The 2007 Bering Strait Oceanic Heat Flux and anomalous Arctic Sea-ice Retreat

Rebecca A Woodgate, Tom Weingartner, and Ron Lindsay

Published in Geophysical Research Letters, January 2010
Woodgate, R. A., T. Weingartner, and R. Lindsay (2010), The 2007 Bering Strait oceanic heat flux and anomalous Arctic sea-ice retreat,
Geophys. Res. Lett., 37, L01602, doi:10.1029/2009GL041621.

Paper (downloadable as pdf)

Please contact Rebecca Woodgate ( for use of any of this material

   To illuminate the role of Pacific Waters in the 2007 Arctic sea-ice retreat, we use observational data to estimate Bering Strait volume and heat transports from 1991 to 2007. In 2007, both annual mean transport and temperatures are at record-length highs. Heat fluxes increase from 2001 to a 2007 maximum, 5-6x1020J/yr. This is twice the 2001 heat flux, comparable to the annual shortwave radiative flux into the Chukchi Sea, and enough to melt 1/3rd of the 2007 seasonal Arctic sea-ice loss. We suggest the Bering Strait inflow influences sea-ice by providing a trigger for the onset of solar-driven melt, a conduit for oceanic heat into the Arctic, and (due to long transit times) a subsurface heat source within the Arctic in winter. The substantial interannual variability reflects temperature and transport changes, the latter (especially recently) being significantly affected by variability (> 0.2Sv equivalent) in the Pacific-Arctic pressure-head driving the flow.

© Polar Science Center, University of Washington, 2009

  For details, see paper
SST and IceEdge Maps of Bering Strait region

Figure 1:
(a) Bering Strait summer MODIS Sea Surface Temperature (SST), marking moorings (black dots) and NCEP wind points (x, colors as per Figure 2f).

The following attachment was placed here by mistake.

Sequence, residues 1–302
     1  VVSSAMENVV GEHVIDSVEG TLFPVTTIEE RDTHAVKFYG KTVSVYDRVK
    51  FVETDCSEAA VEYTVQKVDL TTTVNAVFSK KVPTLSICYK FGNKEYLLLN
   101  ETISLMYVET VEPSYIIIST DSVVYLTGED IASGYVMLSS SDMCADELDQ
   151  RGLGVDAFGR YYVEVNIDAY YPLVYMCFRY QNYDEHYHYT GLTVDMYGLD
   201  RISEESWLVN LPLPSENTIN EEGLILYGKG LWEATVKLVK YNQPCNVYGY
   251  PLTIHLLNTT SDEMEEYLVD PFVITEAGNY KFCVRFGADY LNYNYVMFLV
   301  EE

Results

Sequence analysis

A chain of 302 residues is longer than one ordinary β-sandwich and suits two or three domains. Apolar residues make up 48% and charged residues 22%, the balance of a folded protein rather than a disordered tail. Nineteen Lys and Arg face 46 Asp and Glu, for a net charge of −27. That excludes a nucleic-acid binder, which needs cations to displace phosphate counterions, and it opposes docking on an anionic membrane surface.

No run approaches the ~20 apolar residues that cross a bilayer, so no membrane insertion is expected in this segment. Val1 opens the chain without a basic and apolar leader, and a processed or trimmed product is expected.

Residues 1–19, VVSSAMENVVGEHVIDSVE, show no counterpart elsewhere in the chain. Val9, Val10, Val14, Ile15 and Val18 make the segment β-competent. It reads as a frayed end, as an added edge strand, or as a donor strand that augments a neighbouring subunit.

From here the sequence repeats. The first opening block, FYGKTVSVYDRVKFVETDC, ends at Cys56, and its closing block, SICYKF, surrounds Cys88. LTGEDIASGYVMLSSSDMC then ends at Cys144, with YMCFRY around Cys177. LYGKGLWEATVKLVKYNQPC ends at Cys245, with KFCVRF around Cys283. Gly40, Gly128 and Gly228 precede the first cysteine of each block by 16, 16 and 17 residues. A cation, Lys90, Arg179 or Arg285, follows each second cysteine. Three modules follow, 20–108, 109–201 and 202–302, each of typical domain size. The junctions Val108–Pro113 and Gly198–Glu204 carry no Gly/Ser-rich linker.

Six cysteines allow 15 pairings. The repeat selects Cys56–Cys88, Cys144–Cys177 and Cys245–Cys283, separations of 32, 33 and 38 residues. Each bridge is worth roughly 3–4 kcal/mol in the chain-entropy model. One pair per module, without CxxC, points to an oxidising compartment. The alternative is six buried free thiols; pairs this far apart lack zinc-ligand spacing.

(b) Chukchi Sea AMSR-E sea-ice concentration, with schematic topography. White arrows mark the three main water pathways via HV,
Herald Valley; CC, Central Channel; and BC, Barrow Canyon. Black box marks region of (a).

Figure 2: Bering Strait time-series from 1991-2007. Uncertainties are ~ 0.1Sv, 0.8x1020J/yr. See text for possible systematic errors.
Volume transport, from A3 data alone – grey, hourly; blue, 30-day smoothed.
Annual mean (AM) transports (not including the Alaskan Coastal Current (ACC), ~ 0.1 Sv) – blue, total from A3; dashed cyan, total from A2; solid cyan, eastern channel transport only from A2.
Temperatures – blue, 30-day smoothed A3 near-bottom; red, 7-day average AVHRR-SST.
AM temperature– blue, A3 near-bottom; cyan, A2 near-bottom; red, SST near A3.
AM heat fluxes – cyan, from A2 for eastern channel only; blue, total from A3 data only; red area, total including ACC correction (~ 1x1020J/yr) and a 10m (lower bound) or 20m (upper bound) surface layer. Black crosses, amount of heat added by a 20m surface layer.
Transport attributable to AM NCEP wind (heading 330º, i.e., ~ northwestward) - black, average over 4 nearest points (marked on Figure 1a) i.e., blue and red, ~150km north of the strait (67.5ºN,170ºW and 167.5ºW); yellow and cyan, ~ 100km south of the strait (65ºN, 170ºW and 167.5ºW).
Transport attributable to the pressure-head term from annual fits – green, weekly data; black, annual mean.
       Tiime series of Bering Strait data

Transport, temperature and heat flux by month

Figure 3:
For extreme heat flux years (rows – lows: 2001, 2005; highs: 2004, 2007), 30-day smoothed A3-transports (left column), temperatures (middle column) and heat flux (right column), compared to the entire data set from 1991-2007 (grey). Last row: Cumulative sums of the above, colors indicating year as per upper panels.

© Polar Science Center, University of Washington, 2009

We gratefully acknowledge financial support for this work from  the National Science Foundation (ARC-0632154 and ARC-053026) with shiptime from NOAA-RUSALCA.

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